Definition of Health Care

The DOL narrowed the definition of “health care provider.” Previously, an employee could be considered a “health care provider” for purposes of the exemption, if the employer was a health care provider—regardless of what role the employee played within the organization. Now, the term “health care provider” is defined as those employees who are already defined as “health care providers” for purposes of providing certifications under existing FMLA regulations, along with those employees who provide diagnostic, preventive, treatment or other services that are integrated with and necessary to health care and the provision of patient care, and if not provided, would adversely impact patient care.

The revised regulations clarify the types of services that are considered health care services or the provision of patient care:

  • Diagnostic: Includes taking or processing samples, performing, or assisting in x-rays or other diagnostic tests or procedures, and interpreting test or procedure results.
  • Preventive: Includes screenings, check-ups, and counseling to prevent illnesses, disease, or other health problems.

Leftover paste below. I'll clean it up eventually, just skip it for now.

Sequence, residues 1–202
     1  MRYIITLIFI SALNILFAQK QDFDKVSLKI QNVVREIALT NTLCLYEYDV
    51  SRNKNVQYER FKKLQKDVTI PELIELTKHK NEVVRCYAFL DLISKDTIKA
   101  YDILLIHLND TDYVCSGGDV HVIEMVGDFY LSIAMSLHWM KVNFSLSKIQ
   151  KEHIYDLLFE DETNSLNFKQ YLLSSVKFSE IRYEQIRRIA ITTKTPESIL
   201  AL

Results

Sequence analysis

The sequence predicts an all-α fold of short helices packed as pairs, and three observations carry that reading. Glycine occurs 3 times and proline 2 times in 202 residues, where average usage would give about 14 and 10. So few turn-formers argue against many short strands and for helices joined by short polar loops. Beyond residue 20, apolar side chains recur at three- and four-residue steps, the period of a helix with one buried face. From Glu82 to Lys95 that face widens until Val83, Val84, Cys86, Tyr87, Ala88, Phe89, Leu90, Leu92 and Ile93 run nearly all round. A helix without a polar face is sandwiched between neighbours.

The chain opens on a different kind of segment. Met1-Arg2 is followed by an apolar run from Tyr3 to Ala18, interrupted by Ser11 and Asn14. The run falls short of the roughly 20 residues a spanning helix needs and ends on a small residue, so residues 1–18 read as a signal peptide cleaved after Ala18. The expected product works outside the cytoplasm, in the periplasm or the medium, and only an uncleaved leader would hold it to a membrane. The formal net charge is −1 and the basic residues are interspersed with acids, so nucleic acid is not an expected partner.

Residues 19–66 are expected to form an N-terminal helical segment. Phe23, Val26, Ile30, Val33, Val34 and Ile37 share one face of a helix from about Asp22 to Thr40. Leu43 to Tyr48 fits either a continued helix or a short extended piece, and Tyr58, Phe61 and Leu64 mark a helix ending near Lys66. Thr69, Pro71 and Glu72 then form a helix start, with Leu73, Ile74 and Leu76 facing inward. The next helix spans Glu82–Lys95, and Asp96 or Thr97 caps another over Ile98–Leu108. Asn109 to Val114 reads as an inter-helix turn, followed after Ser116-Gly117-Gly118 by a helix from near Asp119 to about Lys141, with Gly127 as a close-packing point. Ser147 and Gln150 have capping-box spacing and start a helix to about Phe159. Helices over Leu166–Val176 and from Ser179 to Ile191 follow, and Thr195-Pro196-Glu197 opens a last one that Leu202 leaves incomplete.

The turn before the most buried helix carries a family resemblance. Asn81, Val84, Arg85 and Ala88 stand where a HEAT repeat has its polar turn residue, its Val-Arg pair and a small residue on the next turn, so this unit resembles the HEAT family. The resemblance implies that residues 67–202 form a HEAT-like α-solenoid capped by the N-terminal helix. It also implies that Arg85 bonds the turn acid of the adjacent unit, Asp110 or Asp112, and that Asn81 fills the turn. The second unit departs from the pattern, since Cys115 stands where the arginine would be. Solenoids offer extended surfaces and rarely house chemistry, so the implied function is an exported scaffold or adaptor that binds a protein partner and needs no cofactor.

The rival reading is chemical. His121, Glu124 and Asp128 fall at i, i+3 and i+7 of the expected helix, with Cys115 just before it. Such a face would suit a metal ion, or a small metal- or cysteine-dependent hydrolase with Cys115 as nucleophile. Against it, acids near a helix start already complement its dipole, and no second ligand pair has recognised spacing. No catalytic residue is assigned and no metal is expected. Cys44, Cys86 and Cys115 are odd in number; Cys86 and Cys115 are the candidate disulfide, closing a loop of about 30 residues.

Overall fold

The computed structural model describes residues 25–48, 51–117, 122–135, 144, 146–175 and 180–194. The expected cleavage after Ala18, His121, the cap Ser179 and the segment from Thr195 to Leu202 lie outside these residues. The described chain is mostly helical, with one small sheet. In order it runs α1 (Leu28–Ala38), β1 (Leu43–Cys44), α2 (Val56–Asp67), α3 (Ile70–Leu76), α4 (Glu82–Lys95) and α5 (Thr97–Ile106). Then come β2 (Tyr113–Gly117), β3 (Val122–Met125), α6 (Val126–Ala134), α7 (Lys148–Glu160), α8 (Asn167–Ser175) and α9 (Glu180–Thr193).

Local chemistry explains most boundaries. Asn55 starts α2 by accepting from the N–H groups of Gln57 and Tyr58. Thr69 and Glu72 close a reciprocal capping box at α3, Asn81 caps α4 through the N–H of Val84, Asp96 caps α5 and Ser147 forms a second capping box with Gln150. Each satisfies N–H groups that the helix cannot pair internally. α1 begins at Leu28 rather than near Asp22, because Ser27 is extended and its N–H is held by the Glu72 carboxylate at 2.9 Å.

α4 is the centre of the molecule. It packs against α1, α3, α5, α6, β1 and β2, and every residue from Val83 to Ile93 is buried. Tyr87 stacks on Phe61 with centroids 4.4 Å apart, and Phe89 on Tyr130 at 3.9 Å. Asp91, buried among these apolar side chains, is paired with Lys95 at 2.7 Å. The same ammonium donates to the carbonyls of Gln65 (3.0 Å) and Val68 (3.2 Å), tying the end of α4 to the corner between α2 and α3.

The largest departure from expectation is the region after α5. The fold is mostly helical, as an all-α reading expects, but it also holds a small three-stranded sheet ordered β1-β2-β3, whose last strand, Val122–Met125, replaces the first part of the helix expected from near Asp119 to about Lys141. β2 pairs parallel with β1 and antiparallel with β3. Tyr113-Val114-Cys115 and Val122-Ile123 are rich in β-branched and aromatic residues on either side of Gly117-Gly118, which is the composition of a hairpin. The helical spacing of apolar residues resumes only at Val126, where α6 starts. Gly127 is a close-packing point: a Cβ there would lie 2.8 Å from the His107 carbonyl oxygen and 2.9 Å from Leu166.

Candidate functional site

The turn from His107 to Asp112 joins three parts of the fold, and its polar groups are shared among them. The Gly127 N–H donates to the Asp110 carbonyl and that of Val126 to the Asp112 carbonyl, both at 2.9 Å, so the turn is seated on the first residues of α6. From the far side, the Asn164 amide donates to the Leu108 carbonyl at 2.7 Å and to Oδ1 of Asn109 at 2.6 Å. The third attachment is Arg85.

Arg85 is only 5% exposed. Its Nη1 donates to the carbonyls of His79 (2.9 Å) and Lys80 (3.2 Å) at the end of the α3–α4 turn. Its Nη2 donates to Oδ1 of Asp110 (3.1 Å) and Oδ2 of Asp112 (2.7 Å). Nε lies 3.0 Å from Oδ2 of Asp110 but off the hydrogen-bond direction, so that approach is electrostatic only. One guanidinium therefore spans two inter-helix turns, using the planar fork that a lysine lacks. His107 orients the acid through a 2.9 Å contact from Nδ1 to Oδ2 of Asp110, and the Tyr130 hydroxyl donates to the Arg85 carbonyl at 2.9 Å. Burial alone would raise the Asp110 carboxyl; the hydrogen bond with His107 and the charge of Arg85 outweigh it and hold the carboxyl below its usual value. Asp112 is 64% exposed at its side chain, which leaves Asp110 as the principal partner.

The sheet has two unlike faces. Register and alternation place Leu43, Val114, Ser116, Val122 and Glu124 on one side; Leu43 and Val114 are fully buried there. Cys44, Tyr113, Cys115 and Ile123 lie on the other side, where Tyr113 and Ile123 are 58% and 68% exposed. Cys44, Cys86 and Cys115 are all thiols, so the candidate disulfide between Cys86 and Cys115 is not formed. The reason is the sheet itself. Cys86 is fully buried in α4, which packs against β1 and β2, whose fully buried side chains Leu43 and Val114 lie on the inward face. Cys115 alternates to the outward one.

• Treatment: Includes performing surgery or other invasive or physical interventions, prescribing medication, providing, or administering prescribed medication, physical therapy, and providing or assisting in breathing treatments.
  • Integrated: Those services that are “integrated with and necessary to diagnostic, preventive, or treatment services and, if not provided, would adversely impact patient care, including bathing, dressing, hand feeding, taking vital signs, setting up medical equipment for procedures, and transporting patients and samples.”

Beyond outlining the characteristics, the revised regulations provide a helpful, non-exhaustive list of exempt employees:

  • nurses, nurse assistants, medical technicians, and others directly providing diagnostic, preventive, treatment, or other integrated services;
  • employees providing such services “under the supervision, order, or direction of, or providing direct assistance to” a health care provider; and
  • employees who are “otherwise integrated into and necessary to the provision of health care services,” such as laboratory technicians who process test results necessary to diagnoses and treatment.

Conversely, the following employees should no longer be considered exempt from FFCRA leave entitlement:

  • IT professionals,
  • building maintenance staff,
  • human resources personnel,
  • cooks,
  • food services workers,
  • records managers,
  • consultants, and
  • billers.

Work Availability Requirement